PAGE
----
Through all this I was living on a meager wage, never more evidenced than when one of my bedroom ceilings started to leak, and the property manager told me the owner was not going to fix it – that I should move everything out of that room and close the door. Or perhaps it was when mushrooms started growing in my bathroom, in the crevices between floor and wall, and my toothbrush grew pink mold.
So while my body was becoming stronger and stronger, and as the ranger finish line was approaching, I was wracked with struggle, conflict, and self-doubt.
I often try to reconcile who I’ve become since then and whether the person I am now is better than the person I used to be. Am I stronger or weaker? More courageous or more frightened?
Most of the time I feel less than who I was before. Physically, I’m 50 pounds heavier, have lost all the hard-won muscle strength, and feel entirely unattractive. Where I had developed a profound confidence that my physical and mental strength, along with my determination, would carry me through anything; my body, brain, and soul then failed me so many times I lost all confidence in myself.
I’ve developed a social anxiety that prevents me not only from trying to make new friends but also from reaching out to old friends because I’m embarrassed by my awkwardness and ugliness.
And I’ve developed such a deep fear of loss, a fear of the bad things that might and sometimes do happen in life, I can’t imagine rising above all that in order to find intimate and committed love. With the exception of my extended family, the risk of loss that comes with love does not seem worth it.
Back then I was in my prime. I was becoming the most physically fit I’d ever been. I was reaching and risking and striving to find my dream job and dream life. And I was living wide open to the experiences and changes that defined that time in my life.
The person I am today seems so much more frightened; my life so much smaller.
And yet – sometimes I wonder if my definitions of strength and courage must change. Between that time and now, I have seen over and over again the perils of life and death. I have seen life end, of both strangers and loved ones. I have been scared for my life. I have been traumatized, and then retraumatized.
Blessed innocence gives way to wisdom. And while everything feels less certain, self-confidence is replaced with compassion. Instead of running and hiding from death and pain, I can now hold space for those enduring it. I can connect with that rawness; I can feel it, and I can sit with it.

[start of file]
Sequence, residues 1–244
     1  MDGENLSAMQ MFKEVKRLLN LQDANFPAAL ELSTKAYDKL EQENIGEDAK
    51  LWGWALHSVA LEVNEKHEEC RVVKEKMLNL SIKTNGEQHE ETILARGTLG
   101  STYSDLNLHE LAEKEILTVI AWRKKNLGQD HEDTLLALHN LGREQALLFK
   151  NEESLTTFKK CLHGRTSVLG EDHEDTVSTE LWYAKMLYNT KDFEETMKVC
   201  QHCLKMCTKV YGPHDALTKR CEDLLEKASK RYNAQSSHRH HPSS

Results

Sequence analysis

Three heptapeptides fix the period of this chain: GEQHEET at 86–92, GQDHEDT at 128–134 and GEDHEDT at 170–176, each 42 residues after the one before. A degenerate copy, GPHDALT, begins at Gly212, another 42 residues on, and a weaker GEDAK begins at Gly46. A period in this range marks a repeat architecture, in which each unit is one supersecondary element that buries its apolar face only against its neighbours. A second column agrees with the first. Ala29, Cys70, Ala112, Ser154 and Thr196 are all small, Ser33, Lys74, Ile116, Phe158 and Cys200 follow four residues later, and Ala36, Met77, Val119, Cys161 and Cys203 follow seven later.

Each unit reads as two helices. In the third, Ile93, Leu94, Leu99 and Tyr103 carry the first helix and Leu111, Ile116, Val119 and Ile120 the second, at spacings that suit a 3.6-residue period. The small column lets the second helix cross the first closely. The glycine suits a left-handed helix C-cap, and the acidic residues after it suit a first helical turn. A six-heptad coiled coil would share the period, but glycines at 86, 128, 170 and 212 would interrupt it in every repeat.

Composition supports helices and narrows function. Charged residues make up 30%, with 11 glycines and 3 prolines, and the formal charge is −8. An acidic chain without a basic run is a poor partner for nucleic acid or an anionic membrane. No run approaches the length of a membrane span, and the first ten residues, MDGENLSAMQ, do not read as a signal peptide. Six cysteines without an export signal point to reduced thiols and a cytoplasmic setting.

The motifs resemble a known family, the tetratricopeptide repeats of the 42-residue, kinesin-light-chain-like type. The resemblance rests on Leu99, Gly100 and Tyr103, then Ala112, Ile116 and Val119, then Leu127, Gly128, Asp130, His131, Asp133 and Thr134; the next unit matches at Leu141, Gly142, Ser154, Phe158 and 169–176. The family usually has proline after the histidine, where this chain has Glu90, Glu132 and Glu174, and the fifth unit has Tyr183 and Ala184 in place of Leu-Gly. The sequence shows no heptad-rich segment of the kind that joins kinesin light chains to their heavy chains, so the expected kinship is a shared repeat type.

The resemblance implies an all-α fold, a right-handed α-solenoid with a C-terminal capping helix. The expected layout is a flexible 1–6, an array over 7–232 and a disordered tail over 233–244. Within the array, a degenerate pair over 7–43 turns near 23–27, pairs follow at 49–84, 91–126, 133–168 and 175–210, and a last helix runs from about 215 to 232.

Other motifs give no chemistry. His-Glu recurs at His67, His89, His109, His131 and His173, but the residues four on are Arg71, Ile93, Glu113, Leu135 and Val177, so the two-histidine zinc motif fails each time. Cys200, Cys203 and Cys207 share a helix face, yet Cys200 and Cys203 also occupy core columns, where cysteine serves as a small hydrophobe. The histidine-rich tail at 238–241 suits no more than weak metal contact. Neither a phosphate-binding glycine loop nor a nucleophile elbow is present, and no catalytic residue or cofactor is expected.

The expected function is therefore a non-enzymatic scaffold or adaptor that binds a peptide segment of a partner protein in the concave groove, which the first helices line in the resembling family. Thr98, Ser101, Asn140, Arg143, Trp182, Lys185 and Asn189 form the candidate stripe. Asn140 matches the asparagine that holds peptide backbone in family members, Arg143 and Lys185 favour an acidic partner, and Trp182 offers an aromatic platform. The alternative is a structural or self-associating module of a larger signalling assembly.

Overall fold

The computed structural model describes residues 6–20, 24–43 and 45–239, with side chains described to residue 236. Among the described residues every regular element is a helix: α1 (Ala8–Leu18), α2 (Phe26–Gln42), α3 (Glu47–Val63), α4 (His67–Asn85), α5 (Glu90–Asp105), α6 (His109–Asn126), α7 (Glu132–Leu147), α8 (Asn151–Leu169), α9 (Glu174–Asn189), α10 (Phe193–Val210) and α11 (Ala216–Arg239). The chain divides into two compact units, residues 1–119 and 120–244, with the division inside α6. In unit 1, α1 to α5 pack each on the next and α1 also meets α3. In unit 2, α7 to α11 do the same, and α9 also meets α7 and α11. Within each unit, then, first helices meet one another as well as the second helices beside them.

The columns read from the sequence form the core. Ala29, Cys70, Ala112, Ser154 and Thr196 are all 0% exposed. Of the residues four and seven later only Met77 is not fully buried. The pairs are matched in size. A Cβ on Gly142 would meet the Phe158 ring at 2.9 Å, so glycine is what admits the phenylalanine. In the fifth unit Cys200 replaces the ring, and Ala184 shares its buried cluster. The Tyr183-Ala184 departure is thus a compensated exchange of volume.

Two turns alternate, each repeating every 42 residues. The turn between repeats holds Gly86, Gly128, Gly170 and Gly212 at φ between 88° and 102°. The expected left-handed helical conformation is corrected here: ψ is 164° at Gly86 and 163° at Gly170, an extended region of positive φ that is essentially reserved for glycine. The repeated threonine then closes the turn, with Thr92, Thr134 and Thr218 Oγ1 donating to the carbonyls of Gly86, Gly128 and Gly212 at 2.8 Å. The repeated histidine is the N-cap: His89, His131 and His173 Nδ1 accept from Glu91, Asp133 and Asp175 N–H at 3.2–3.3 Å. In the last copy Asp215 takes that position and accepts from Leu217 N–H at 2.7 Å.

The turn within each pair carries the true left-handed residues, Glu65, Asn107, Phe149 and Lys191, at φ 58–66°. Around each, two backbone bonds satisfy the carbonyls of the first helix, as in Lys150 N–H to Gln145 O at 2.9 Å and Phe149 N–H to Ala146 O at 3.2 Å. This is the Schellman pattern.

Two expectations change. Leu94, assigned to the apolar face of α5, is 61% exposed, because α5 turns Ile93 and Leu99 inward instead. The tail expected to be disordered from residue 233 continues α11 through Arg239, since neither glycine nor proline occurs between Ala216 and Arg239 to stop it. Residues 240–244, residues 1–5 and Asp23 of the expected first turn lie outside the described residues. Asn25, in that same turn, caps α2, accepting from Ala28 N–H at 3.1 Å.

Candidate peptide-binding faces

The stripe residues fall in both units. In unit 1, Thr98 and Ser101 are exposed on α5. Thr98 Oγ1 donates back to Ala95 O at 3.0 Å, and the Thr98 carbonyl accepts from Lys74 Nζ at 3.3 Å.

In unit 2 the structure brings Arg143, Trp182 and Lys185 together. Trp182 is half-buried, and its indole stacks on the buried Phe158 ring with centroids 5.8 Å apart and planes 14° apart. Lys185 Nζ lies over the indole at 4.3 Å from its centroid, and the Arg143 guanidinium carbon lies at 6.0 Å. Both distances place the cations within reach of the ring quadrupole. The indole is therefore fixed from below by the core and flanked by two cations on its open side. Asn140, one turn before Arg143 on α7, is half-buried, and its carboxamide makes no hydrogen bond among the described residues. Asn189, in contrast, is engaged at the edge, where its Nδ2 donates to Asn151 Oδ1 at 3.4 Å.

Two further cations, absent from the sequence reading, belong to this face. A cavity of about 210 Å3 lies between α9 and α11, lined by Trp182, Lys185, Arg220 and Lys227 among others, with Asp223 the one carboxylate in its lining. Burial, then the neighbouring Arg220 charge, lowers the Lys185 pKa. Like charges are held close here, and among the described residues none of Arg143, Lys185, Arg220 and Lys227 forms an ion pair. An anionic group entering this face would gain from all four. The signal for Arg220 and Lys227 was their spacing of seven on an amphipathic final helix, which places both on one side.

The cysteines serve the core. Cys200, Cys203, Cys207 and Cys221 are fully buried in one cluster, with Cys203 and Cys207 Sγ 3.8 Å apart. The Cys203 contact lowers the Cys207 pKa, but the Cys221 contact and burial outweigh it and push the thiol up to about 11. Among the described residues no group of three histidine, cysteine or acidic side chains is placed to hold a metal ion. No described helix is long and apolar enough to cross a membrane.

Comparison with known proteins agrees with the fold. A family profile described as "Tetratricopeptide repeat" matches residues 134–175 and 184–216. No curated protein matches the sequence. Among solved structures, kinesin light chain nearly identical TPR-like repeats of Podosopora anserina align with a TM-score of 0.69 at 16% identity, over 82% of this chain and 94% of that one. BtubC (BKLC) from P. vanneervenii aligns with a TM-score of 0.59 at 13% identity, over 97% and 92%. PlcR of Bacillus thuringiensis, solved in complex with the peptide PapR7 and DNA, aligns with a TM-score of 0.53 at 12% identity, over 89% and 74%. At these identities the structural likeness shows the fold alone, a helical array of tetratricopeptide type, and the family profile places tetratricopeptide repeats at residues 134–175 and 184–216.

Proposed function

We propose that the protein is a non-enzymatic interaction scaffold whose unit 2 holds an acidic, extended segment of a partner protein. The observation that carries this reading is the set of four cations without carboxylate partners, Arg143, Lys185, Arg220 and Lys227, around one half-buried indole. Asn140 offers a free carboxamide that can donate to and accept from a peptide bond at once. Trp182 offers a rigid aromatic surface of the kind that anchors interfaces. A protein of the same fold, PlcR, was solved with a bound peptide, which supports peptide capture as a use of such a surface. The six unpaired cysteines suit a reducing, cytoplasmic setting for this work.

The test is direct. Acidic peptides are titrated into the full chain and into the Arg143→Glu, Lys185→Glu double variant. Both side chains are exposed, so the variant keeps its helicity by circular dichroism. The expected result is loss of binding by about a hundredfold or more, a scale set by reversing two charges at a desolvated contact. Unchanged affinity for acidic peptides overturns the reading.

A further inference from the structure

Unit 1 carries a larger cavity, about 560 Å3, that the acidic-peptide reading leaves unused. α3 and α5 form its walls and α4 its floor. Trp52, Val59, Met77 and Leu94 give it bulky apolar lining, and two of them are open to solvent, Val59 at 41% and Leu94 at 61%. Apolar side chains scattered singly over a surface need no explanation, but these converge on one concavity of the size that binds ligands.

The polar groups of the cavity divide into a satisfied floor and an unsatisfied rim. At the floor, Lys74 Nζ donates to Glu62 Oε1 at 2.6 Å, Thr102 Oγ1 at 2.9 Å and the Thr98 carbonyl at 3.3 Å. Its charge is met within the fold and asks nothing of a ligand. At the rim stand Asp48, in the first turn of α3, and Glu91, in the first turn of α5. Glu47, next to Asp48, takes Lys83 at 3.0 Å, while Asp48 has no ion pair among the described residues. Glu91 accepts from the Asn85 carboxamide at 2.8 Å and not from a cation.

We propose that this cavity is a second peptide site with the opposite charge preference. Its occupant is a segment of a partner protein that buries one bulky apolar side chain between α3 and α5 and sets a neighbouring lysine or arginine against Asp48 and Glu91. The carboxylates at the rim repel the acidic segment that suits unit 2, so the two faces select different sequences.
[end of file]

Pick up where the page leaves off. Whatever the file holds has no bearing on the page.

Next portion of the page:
Often I do not want to get out of bed in the morning because I'm not prepared to accept all the day might bring. There are days that I simply cannot get out of bed, because the risk feels too great.
And yet when crisis hits, I rise to it. Again and again, I go where there is trouble and I do what I can. I draw on the training I received, and skills I developed while I was a park ranger. Whether a kitchen fire, or a loved-one in danger, or a grieving mother asking me to help bathe and dress her child who died of cancer, I show up.
Sometimes I am terrified. Sometimes I am resentful that this has happened “to me.” Most times I cannot manage my harder emotions, so I push them down until the crisis has passed. And sometimes the toll it takes is significant and lengthy. Yet I show up.
My bravado, my self-assuredness, is gone. My swagger has become a cautious walk, adrenaline surging and heart racing when anything new approaches – even a woman with her small child coming my way on the sidewalk.
And still, I show up. Not all the time. Sometimes only in very small ways, like getting out of bed, or finding food. And not with a body held tall and a powerful voice. But I show up when it really counts, when I’m really needed. And I show up even knowing my hands may shake, and my voice may quiver, and tears may well up or even spill over. Knowing how painful and uncertain the world can be, and still covered in the scars of this knowledge, courage and strength look like showing up.